Efforts to predict the size of cities have proven less accurate than projections of national and regional populations. While the world's total urban population has been projected with some accuracy, projections of individual cities' populations and of cities' relative sizes have been much less reliable.
These shortcomings are partly due to the incompleteness of census information prior to the 1980s. But they also reflect the complexity of urban population dynamics. Like national populations, the size of cities depends on fertility, mortality and external migration rates, but it also depends on the differentials between urban and rural fertility and mortality and on migration within countries. Population movements are far more sensitive to regional variations in economic opportunities than are fertility and mortality.
It is also hard to predict changes in the spatial dimension of urban systems. In some cases, the population becomes increasingly less concentrated in central cities and more dispersed into urban systems of varying size with different economic specializations. Such patterns are difficult to predict.
In São Paulo, for example, the 1991 census showed both the population and the growth rate to be much smaller than anticipated. This reflected a large net outmigration, partly due to the relocation of industry to smaller cities, and a lower than expected fertility level.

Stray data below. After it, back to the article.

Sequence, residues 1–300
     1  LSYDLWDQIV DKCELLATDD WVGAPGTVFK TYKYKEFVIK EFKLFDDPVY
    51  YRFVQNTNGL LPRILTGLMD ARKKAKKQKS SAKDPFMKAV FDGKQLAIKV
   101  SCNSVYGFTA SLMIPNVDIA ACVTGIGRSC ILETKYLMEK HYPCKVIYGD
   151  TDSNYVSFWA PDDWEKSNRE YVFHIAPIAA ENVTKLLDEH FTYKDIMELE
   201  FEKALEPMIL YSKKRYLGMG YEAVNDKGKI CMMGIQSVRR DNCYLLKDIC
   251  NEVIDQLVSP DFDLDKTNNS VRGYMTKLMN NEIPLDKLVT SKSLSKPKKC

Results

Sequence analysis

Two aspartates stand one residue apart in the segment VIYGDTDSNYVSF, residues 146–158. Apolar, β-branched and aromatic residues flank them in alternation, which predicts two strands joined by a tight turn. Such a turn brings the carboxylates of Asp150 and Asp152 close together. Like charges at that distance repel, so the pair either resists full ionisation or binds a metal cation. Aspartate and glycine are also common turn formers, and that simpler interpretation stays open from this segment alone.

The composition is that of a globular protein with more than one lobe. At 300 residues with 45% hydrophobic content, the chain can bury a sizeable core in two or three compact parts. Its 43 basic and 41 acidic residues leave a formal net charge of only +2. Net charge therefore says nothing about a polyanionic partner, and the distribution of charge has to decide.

Other unanticipated economic developments have upset expectations more dramatically. In 1982, Shanghai was the only Chinese city that the United Nations projected to be among the world's 20 largest urban centres in the year 2000, with an expected population of 13.5 million. By 1994, however, Shanghai, Beijing and Tianjin were all projected to be in the top 12 by 2000 (all three are currently in the top 15) and Shanghai's projected population has grown to 17.2 million.
The unreliability of forecasting is clearest in regard to single cities. Of the cities projected in 1982 to be the 15 largest in 2000, the total population was expected to be 233.8 million. This is close to the 1994 projection of 230.1 million in the top 15 cities in 2000.
However, the lists are not the same; the 15 cities in the 1982 list are currently projected to total 215 million people by 2000 18 million below the 1982 projection. Some cities were very poorly estimated. The current projection for Tokyo in 2000 is 10.8 million people larger than was projected in 1982; Mexico City's population in 2000 is now expected to be 9.9 million smaller than was projected in 1982.